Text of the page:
My fist stop is the Sylvesti tasting room. The main variety of the region as I mentioned is Chardonnay and Pinot Noir. Style is very much Burgundy and in addition Silevstri is growing Pinot Blanc and Pino Gris as well as Syrah and Barbera. Silvesti wines are so much about the character, that the rose from Pinot Noir is screaming with rich flavours. Barbera is Silvestri’s secret weapons, which no one else is producing in this region, rich and famous wine, exactly as it’s owner – the big movie composer Alan Silvestri. Take a deep breath now ,because this is the guy that wrote music for Oscar winning films like Forest Gump. It is a long list of movies like “Night at the Museum” Stuart Little, Bodyguard… The Universe knows it job, tasting through music is my ultimate combination and I am having the pleasure to experience it in full in this charismatic place. Alan Silvestri founded Silvestri Vineyards in 1997. He believes that their wines show that lovingly cultivates fruit has a music on its own. “Both music making and winemaking involve the blending of art and science. Just as each note brings it’s own voice to the melody, each vine brings own unique personality of the wine.” The time in this tasting studio is just as unreal as some of these movies and my wine host makes it even more special poring me small amounts and telling me his life story. Francisco’s dad was Silvesti’s gardner and Mr Silvestri was greatful for his loyal work and gave his son a chance, a job and opportunity to make something of himself, inspiring him to find his own passion in winemaking.
I have managed to visit 5 wine tasting rooms in Carmel by the Sea, “Dawn’s Dream” is a brand where the wife of a Cowboy has decide to compete with her husband in her winemaking journey. Just down the road from her husband’s “Galante”, Dawn is offering light and gentle Chardonnays and magnificent Pinot Noir Rose, called after her daughter Rachel. At the same time her spouse, Italian descendant Mr Galante is proud to be one of not many Cabernet Sauvignon producers in the region. His picture on his back horse is handing from the wall of the tasting room, demonstrating drive, freedom and determination of a real Cowboy with a mission. After my visit to Manzoni and Blairs and Caraccioli, I felt its time to withdraw to my beautiful Carmel Valley Ranch and reflect on all of these extraordinary stories and let the alcohol invade my body and let me dose in my own Carmel style movie.
The next stop of my wine experience is Carmel Valley Village. This is not just a village this is a road of temptations for a committed wine lovers. After a busy day of tasting, I have decided that I need to focus on specific wines in order to immerse myself and make the most of my trip really memorable as opposed to the opposite, which is not difficult to happen after 6 wines tasting rooms, 4 wines each and a glass with the dinner. You don’t need to do that unless you are not “very thirsty” for knowledge, but as I said, it wasn’t the wines that made me feel dizzy and merry, it was all the people I met and all the love and passion they have shared with me. I asked the Uber driver to stop me at the local burger bar, which I heard is good, although they call it the “Bullshit place”. Since it was National Burger Day I have order a big juicy burger with avocado, to prepare for the next round of alcohol. My next stop was about to be great fun.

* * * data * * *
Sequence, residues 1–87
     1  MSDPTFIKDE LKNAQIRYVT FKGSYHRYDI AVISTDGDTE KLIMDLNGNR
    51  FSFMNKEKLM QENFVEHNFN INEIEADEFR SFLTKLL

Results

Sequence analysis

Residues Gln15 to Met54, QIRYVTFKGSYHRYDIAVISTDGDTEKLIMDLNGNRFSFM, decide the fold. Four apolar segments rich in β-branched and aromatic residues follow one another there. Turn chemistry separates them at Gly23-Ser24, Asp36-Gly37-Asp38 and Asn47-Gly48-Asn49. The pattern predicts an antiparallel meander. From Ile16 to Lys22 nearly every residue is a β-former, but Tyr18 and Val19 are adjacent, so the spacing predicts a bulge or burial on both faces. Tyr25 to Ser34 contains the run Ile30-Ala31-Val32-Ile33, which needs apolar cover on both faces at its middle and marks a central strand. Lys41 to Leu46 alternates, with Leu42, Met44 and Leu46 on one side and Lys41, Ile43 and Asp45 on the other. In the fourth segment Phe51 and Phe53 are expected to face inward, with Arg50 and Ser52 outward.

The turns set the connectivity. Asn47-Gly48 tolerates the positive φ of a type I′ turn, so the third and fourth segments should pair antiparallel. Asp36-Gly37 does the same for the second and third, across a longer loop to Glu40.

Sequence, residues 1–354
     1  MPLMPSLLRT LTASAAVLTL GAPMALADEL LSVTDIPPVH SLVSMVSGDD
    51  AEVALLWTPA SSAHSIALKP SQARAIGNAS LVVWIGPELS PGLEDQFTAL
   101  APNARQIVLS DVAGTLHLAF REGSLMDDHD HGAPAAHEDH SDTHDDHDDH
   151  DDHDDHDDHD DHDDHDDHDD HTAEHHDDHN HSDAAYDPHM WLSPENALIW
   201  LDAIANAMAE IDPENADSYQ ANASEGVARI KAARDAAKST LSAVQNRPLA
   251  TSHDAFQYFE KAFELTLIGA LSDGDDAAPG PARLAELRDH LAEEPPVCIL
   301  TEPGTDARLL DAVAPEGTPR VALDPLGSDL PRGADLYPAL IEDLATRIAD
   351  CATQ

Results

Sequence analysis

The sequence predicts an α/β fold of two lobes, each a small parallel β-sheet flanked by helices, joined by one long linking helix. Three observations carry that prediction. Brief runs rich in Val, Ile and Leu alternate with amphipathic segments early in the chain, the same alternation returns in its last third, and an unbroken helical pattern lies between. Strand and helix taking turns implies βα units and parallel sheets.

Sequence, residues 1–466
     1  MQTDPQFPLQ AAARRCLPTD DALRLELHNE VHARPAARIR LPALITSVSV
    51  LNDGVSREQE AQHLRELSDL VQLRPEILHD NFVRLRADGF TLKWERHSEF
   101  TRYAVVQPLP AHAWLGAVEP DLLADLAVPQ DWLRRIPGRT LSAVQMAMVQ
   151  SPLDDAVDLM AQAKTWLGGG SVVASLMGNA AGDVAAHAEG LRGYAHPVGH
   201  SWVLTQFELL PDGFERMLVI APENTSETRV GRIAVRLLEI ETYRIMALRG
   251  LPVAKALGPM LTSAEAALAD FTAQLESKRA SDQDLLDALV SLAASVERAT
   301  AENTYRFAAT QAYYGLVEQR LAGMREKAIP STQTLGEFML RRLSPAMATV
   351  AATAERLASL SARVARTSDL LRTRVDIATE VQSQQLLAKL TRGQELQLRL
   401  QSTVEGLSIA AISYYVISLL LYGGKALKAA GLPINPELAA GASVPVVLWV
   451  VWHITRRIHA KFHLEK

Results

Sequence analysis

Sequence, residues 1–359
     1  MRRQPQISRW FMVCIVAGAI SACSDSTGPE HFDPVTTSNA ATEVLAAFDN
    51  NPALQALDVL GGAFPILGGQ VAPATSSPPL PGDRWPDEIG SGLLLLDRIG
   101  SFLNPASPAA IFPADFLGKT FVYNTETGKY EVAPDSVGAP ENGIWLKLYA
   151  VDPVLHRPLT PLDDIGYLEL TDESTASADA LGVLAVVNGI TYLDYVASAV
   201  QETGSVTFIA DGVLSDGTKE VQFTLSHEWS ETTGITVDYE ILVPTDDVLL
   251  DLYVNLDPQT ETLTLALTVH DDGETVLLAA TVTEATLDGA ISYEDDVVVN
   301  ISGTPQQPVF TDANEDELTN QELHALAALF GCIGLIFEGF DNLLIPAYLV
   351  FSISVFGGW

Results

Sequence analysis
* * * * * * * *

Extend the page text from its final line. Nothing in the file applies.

Halmans Ranch is famous in California. Yes this is a place you want to go and have a wedding, you just want to have the ultimate party, you want to be the Great Gatsby of Carmel Valley. This is where time is a sip of local red wine, which vanishes so quickly. You definitely understand how Dali felt when he was working on his famous melting clocks. I am meeting Nick, one of the owners who starts with his favourites organic Chardonnays and Pino Gris.I am already determined to leave the Pinot Noir for now. Most of the local Chardonnays have mineral taste, not as much as oaky, not very easty. Halmans produces fresher, lighter wines with some hint of exotic papaya taste. Nick is proud of what they have done, like every American he is not shy to raise glass for his success and accomplishments and this friendly, warm conversation tell me so much. I am now so humbled being asked to share my story and yes the Californian wine tasting at Halmans streched to Spain and Europe ending up drinking Rioja, he just has imported. Nick was generous to recommend where to go next. This doesn’t happen often in Europe, but US is about collaborative strengths. My next sip is at Joullians. If you like Chardonnay – this is a good place says Nick. The Joullians is situated in a building ,which reminds me of a chapel and it is a real temple of wine. The owners wanted to emphasise on that and it does have that feel. Joullians Chardonnays are worth trying and they hide much more character and do have these french biscuity and bready taste that I personally prefer. There are few more places to stop by in the village and they are on that same short stretch – Bernardus has a bit more wider produce, with more affordable prices and also great restaurant called Roux.This is a good lunch option. Another place I would recommend is Boekenoogen Vinery which is organic upmarket maker and also worth stopping at Talbott Vineyards.
My wine touring become much more than a tasting of wines and fun chats with locals. The few days of yoga, meditation, walks and sips has become unintentionally curated experience. I went out on my own and ended up with a crowd of incredibly fun, brave and passionate people. The rest was not less exceptional and special – seeing the biggest Dali collection with 300 originals in Monterey, relaxing in a steaming salt water hot tab with a glass, overlooking the vineyards and watching the sunset with live jazz at Clint Eastwood’s piano bar these is just a small ‘flight”of the perfect Californian wine list. I think I know now why I am deeply in love.